In the many Marvel multiverses, it’s difficult to keep track of all the iterations — especially if you haven’t seen the many (many) MCU installments.
“Doctor Strange in the Multiverse of Madness” director Raimi recently told Rolling Stone that even he did not watch all of Disney+ series “WandaVision” before helming the film follow-up (in theaters May 6) involving Wanda Maximoff aka the Scarlet Witch, played by Elizabeth Olsen.
“I never even saw all of ‘WandaVision’; I’ve just seen key moments of some episodes that I was told directly impact our storyline,” Raimi said. “I’m not really sure what the ‘WandaVision’ schedule was or how it changed. I just know that halfway, or maybe three-quarters of the way into our writing process, I’d first heard of this show they were doing and that we would have to follow it.”
However, for “Doctor Strange 2,” Raimi was committed to “a proper throughline and character-growth dynamic” for Olsen’s Wanda. But actress Olsen’s decade-long portrayal of Wanda led her to steer the comic book character’s trajectory during shooting.
“Marvel’s truly a very collaborative space, and we’re constantly being put with other directors and other writers,” Olsen told The Independent. “So they actually do listen when you go, ‘I don’t know, in ‘WandaVision,’ we did this so I don’t think it really makes sense for us to do this then here.’ And Sam Raimi would just be like, ‘Great, I’m glad you explained that to me.’”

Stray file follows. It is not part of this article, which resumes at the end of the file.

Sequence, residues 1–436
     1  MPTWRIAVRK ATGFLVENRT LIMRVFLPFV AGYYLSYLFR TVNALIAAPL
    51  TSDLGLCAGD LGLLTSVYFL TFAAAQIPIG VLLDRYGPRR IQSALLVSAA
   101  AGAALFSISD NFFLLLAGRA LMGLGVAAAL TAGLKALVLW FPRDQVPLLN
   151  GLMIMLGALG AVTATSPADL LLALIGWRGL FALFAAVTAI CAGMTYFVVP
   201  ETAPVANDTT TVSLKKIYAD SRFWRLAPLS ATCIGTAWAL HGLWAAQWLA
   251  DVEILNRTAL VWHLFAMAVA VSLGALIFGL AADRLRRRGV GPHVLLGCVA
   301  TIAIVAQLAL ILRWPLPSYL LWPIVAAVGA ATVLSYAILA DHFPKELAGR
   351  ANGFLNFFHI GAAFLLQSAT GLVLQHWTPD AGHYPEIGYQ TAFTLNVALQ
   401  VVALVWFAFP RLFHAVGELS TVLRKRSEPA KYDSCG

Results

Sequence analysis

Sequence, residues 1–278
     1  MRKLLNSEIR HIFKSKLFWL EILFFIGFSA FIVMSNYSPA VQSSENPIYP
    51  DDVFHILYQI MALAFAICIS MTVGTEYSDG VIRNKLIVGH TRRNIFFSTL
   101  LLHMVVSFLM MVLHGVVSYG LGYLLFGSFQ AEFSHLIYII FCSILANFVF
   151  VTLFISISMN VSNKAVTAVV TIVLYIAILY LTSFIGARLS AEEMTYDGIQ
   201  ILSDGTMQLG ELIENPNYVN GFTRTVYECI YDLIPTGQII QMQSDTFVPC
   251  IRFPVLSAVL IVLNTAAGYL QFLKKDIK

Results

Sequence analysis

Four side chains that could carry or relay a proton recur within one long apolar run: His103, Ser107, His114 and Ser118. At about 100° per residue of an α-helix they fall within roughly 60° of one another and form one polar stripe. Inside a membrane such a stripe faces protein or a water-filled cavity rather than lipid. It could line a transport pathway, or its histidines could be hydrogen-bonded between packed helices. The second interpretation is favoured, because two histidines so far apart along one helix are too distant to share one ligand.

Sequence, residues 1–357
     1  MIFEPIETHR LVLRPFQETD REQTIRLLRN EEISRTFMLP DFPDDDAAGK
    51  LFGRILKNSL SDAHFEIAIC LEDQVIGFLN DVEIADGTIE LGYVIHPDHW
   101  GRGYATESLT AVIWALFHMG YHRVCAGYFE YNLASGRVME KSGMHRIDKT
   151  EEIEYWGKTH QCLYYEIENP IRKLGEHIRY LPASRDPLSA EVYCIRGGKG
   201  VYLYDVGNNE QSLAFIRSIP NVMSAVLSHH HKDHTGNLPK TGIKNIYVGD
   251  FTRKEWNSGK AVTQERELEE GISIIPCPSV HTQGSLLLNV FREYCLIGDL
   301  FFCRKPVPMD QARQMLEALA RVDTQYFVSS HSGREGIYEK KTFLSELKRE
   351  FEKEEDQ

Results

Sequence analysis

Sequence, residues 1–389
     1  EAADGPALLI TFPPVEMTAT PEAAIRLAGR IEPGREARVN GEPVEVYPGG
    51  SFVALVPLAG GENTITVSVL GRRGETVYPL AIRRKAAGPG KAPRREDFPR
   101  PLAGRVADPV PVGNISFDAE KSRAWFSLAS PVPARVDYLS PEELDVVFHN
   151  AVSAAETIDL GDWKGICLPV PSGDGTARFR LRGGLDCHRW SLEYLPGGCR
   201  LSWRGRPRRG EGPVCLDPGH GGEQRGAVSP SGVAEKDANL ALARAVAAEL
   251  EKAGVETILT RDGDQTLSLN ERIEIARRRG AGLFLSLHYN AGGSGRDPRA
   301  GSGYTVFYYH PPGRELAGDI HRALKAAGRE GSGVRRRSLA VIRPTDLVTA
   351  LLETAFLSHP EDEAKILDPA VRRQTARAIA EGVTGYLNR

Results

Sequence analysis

She added, “That happened a lot on ‘Doctor Strange 2’ because there was this thread I was trying to pull on ‘WandaVision.’”
“Doctor Strange 2” began production soon after “WandaVision” aired in January 2021. Olsen noted that she was hoping to keep Wanda’s storyline as consistent as possible and curb any MCU continuity issues between franchises.
Still, that storyline has not been without its detractors. Vulture took issue with Wanda’s “Doctor Strange 2” arc for being “utterly sexist.”
IndieWire critic David Ehrlich noted that Wanda is “stuck in a rut despite the witchy nuance” of Olsen’s stellar performance. “The character [is] hopelessly facile in the face of a story that transcends reality itself,” Ehlrich said. At least someone understood the assignment!
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